I have some unstated rules for Oliver di Place. One is that I don’t post instrumental music, especially not music for a single solo instrument such as, oh say, the acoustic guitar. I enjoy this music when it is done well, by say John Fahey, Stefan Grossman, or Martin Carthy, to name a few. But I feel somewhat at a loss to say why. There is a lot of technical language that other guitar players would know that describes this music, but I don’t speak the language. Maybe you don’t either. All I know is what I hear and what I like.
Having said all that, I heard from a guitar player from Israel at the end of last year, and I enjoyed what I heard. Next thing I knew, I had an album for Oliver di Place that I didn’t know what to do with, so it sat. That was Yair Yona. Then, more recently, a British guitar player named Sean Siegfried got in touch. Again, I didn’t know what I would do with it, but I soon had another album. Finally, I connected the two, and decided I had better find some more guitar players and get it over with. I’m glad I did, because these five players certainly deserve to be heard.
Sean Siegfried: Apples in Winter
Sean Siegfried takes his inspiration from great British and Celtic guitar players, notably Bert Jansch. Siegfried’s tunes are original, but he succeeds in capturing the flavor of traditional songs, and I can hear one of those wonderful British folk baritones in my head as I listen. Siegfried sets up a strong rhythmic foundation on the lower string, and harmonizes his melodies using the middle strings. To my ear, it sounds like he is using a lot of minor keys for his songs, but those could also be open tunings. If you don’t know what that means, don’t worry about it. Just sit back, and let Siegfried take you down the beautiful country lanes of his native land.
Chris Proctor: The Anniversary Waltz
When someone says of an instrumentalist that he is a musical storyteller, I usually roll my eyes. But Chris Proctor really is a storyteller with his music. He plays with a light touch, his fingers gliding across the strings. His melodies take the listener from a definite start to finish, with an interesting plot and wonderful characterization along the way. The melody is in the top string, with countermelodies and harmonies in the rest of the strings. The rhythm comes from the song as a whole. It all falls into place beautifully.
Eric Loy: Catbird Seat
On the cover of Eric Loy’s new album, you can see a variety of guitars, including some electric ones. There is a similar mix on the album. Loy even plugs and rocks out on two songs, with drums and bass accompaniment. But the treat here for me is the solo acoustic material. Ragtime is the basis for this music, with exciting and complex rhythms played on all of the strings at once. Loy plays chords sometimes that threaten to fall apart. These are jazz chords, I think, and some sound strange to a listener who is more used to folk. But get used to that, and you will hear just how thrilling this music is. Catbird Seat is one of the most accessible songs here, so it makes a good introduction to Loy’s artistry.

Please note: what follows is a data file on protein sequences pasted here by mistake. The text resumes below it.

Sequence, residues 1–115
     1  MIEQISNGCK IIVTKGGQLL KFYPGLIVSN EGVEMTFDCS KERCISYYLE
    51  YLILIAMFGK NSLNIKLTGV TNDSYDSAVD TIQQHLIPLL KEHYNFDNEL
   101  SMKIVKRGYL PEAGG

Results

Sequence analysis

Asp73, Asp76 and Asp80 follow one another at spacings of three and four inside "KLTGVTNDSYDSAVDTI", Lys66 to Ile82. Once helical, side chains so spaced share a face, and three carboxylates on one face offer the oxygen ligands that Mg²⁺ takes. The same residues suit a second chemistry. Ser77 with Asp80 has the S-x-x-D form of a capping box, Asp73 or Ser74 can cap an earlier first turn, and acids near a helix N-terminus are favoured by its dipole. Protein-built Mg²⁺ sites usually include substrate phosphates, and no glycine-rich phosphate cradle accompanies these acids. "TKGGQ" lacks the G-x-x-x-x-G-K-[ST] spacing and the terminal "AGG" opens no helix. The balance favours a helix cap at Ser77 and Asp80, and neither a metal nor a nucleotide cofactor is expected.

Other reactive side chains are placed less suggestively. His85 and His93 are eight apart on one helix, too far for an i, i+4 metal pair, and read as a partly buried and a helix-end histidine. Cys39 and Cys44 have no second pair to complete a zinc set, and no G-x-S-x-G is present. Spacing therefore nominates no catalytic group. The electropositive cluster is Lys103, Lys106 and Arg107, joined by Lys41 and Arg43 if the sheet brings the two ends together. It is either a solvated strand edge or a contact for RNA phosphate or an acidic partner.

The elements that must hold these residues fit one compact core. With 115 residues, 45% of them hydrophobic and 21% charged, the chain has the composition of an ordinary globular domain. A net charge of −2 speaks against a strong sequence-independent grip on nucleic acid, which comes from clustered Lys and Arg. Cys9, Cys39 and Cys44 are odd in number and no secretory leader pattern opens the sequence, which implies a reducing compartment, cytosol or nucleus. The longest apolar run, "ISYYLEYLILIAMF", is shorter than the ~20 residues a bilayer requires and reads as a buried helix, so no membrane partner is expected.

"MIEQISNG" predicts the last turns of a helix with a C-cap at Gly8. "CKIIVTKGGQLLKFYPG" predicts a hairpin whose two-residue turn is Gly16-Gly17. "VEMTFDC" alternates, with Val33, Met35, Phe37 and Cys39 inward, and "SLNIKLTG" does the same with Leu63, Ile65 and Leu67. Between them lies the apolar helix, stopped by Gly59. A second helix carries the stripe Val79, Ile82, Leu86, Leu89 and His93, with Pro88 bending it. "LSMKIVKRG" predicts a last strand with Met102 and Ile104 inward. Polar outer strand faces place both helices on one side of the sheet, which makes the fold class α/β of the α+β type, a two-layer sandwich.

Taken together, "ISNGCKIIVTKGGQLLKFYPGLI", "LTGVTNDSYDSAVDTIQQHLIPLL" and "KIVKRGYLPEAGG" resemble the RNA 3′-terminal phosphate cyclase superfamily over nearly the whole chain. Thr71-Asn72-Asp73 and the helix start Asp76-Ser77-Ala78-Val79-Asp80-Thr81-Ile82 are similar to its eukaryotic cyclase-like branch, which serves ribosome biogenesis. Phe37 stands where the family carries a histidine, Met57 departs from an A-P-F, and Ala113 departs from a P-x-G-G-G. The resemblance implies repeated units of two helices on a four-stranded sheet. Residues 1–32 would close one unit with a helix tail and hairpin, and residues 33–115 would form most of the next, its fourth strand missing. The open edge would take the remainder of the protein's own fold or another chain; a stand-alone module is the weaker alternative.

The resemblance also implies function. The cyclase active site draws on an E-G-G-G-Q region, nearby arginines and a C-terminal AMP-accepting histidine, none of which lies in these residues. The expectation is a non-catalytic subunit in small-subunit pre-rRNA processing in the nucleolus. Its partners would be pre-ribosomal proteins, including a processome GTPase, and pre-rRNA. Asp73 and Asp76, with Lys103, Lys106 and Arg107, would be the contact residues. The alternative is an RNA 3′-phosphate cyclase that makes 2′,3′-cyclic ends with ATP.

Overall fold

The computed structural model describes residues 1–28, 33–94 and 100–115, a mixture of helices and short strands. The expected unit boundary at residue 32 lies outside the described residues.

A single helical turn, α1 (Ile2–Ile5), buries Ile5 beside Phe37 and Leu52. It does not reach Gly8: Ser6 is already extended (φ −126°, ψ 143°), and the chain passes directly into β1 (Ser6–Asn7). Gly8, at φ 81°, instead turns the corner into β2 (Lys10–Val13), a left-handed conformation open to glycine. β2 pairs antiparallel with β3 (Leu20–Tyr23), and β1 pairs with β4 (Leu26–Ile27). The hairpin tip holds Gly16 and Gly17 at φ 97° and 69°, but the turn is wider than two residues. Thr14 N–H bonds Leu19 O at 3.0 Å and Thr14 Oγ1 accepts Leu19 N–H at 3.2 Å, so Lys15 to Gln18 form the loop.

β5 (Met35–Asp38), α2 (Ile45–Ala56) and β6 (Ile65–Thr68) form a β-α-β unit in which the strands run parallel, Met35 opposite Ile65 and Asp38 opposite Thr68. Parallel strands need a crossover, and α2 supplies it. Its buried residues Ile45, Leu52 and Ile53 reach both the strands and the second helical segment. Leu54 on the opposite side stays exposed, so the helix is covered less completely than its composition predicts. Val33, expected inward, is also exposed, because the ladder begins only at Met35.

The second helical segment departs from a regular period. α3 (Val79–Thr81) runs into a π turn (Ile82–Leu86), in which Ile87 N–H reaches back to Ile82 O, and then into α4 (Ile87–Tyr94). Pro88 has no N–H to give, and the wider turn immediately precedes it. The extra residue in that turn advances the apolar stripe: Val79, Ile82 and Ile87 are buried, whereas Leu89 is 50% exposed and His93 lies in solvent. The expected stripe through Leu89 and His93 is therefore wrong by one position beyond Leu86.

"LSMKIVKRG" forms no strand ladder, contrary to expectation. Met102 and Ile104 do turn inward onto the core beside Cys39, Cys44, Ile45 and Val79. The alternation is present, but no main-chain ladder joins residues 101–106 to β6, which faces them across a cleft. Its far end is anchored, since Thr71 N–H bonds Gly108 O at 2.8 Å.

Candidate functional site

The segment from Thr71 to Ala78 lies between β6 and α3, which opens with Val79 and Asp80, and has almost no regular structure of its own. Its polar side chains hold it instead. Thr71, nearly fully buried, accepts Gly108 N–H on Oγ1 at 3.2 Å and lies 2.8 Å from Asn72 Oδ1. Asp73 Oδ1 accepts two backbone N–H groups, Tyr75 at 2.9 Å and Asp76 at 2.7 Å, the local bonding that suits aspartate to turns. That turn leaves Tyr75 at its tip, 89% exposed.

Patrick Woods: Evening in the Village
The title of Patrick Woods’ album, Vortex of Discovery, as well as the cover art, suggest a new age album, with gentle ripples of notes easing you into a meditative state. So this may be the most misleading album cover ever. Woods has a percussive playing style. He slaps the body of the guitar for drums, and he attacks the bass string like a funk player might. Evening in the Village shows how this works out on a ballad. On the top strings, Woods plays multipart melodies that stay with you. As assertive as Woods is in his playing, he also displays great dynamic range. All of this is secondary to putting over the emotion of the song.
Yair Yona: Pharaoh
Yair Yona is actually the ringer here. He plays guitars of various sorts, including electric. Qn Remember, he also plays some banjo and synthesizer. Yona uses overdubs on many the tracks, and there are even guest musicians helping out on two tracks. So, I think I have chosen a solo guitar track with no overdubs, but I could be wrong. In any case, Yona’s music makes a connection between the blues and the modalities of middle eastern music, with some eastern European influences showing up on some tracks as well. Pharaoh is a perfect example. In the opening slow section, I can see in my head the sun rising, either over the Delta or the desert. The faster section is tremendously exciting. Yona alternates these sections that shouldn’t fit together but do. In the process, he shows himself to be both a fine player and writer.